As soon as the crime of Art 377 goes, stigma against LGBTQ is also: SC

As soon as the crime of Art 377 goes, stigma against LGBTQ is also: SC

As soon as the crime of consensual homosexual sex ceases, related issues such as social stigma and discrimination will also go against the LGBTQ community, the Supreme Court said today.

In view of the fact that, over the years, Indian society has created an environment that has led to deep-seated discrimination against the Community, a five-judge constitutional bank that has petitioned to decriminalize 158-year-old colonial law under Section 377 of the Federal Constitutional Court hears IPC, said discrimination against such people also has a negative impact on their mental health.

At the judge's bench headed by Chief Justice Dipak Misra, attorney Maneka Guruswamy, who appeared for a petitioner, was asked if there was a law, regulation, ordinance, law or directive that would prevent or restrict homosexuals would others.

"There are no such provisions," she said.

The bank then said that the LGBTQ community (lesbian, gay, bisexual, transsexual and queer) faces stigma over the crime of consensual same-sex relationships.

"As soon as the crime (under Section 377) goes, everything will go (all bars, social stigma and others)," said the bank, which also included the judges R F Nariman, A M Khanwilkar, D Y Chandrachud and Indu Malhotra.

"Over the years, we have created an environment in Indian society that has led to deep-seated discrimination of people of the same gender who are in a mutually compatible relationship, and this has also affected their mental health", said the bank on the third day Ultimate Hearing to decide the constitutional validity of Section 377 of the Indian Penal Code (IPC).

§ 377 refers to "unnatural offenses" and states that anyone who voluntarily commits carnal intercourse with nature with any man, woman or animal is punished with life imprisonment, or with one of the two charges for a period of up to 10 years, and is also required to pay a fine.

Referring to the provisions of the Mental Health Care Act, the bank said that "it also recognizes the fact that such persons can not be discriminated against for their sexual orientation".

The observations came when senior attorney C U Singh, who stood for one of the interventions, said the mere removal of paragraph 377 would not serve the purpose of discriminating against the LGBTQ community in various ways.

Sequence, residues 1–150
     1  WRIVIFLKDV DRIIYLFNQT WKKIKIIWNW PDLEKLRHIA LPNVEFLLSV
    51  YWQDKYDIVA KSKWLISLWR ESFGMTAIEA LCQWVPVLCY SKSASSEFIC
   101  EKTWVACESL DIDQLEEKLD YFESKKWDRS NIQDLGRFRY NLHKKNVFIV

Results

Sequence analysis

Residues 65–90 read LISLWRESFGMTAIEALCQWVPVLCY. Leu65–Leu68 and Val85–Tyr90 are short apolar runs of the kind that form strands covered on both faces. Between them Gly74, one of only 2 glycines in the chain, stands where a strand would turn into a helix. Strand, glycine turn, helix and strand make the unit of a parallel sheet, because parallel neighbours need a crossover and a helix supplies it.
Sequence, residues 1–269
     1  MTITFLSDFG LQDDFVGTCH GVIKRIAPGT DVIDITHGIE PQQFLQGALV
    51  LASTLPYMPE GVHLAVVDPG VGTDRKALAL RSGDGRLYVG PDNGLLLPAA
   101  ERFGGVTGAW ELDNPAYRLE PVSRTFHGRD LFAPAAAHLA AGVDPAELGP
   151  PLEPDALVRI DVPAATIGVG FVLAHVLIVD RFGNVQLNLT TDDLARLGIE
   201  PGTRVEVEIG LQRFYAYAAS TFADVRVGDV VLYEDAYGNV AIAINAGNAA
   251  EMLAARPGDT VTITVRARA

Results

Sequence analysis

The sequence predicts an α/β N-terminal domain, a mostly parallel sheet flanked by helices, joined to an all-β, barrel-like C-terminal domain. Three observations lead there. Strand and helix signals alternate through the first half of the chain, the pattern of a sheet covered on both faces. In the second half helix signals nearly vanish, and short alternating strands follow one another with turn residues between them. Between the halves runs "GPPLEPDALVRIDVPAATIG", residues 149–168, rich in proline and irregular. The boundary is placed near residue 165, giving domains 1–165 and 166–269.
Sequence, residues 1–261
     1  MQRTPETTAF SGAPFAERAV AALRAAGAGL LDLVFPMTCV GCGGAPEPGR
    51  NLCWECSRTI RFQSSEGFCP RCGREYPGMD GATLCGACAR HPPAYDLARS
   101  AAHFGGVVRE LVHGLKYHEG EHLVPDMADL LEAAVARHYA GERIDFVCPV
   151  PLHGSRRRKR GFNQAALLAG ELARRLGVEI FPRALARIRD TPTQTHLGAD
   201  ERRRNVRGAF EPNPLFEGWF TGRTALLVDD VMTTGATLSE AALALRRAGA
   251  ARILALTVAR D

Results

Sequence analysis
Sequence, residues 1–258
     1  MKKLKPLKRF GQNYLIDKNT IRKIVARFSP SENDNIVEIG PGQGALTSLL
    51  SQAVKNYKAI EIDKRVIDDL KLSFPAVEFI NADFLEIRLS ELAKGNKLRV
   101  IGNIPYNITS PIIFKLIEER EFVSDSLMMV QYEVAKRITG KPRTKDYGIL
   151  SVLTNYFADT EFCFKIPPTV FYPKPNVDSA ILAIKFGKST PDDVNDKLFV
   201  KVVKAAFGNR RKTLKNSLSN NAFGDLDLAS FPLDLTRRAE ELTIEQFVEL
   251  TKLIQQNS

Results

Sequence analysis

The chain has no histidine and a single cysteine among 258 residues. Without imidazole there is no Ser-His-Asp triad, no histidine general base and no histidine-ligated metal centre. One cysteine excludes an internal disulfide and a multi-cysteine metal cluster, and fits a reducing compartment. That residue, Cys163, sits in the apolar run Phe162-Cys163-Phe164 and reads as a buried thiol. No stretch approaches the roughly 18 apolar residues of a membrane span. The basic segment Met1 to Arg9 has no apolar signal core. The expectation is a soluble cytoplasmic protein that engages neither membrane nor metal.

"This community feels inhibited because they can not even get adequate medical care because of the prejudices," said Justice Malhotra, adding that even medical professionals do not maintain confidentiality.

Yesterday, the government left it to the top court to review the constitutional validity of Section 377 of the IPC, which criminalises "consensual acts of adults in the private sector" and urges that issues such as homosexual marriages, adoption and other civil rights not be dealt with by LGBTQ should be treated by him.

The Court notes that the Center believes that other issues such as homosexuality, adoption and the civil rights of the LGBTQ community should not be addressed and that all these issues have not been taken into account.

The bank had said that it would examine the validity of the law in relation to the consensual sexual acts of two adults and if it decided to delete the criminal law, it would be the "additional disqualification" of LGBTQ community members could participate in services, cancel elections and form associations.

Attorney Guruswamy yesterday drew attention to reports from Indian and American psychiatric institutions and said that homosexuality is a normal sexual orientation.

She described the law as a "terrible colonial legacy", violating Article 15 (sex discrimination), 14 (equality), 19 (freedom) and 21 of the Constitution, and had a "deterrent effect" on the sexual minority.

(This story was not edited by Business Standard employees and is automatically generated from a syndicated feed.)

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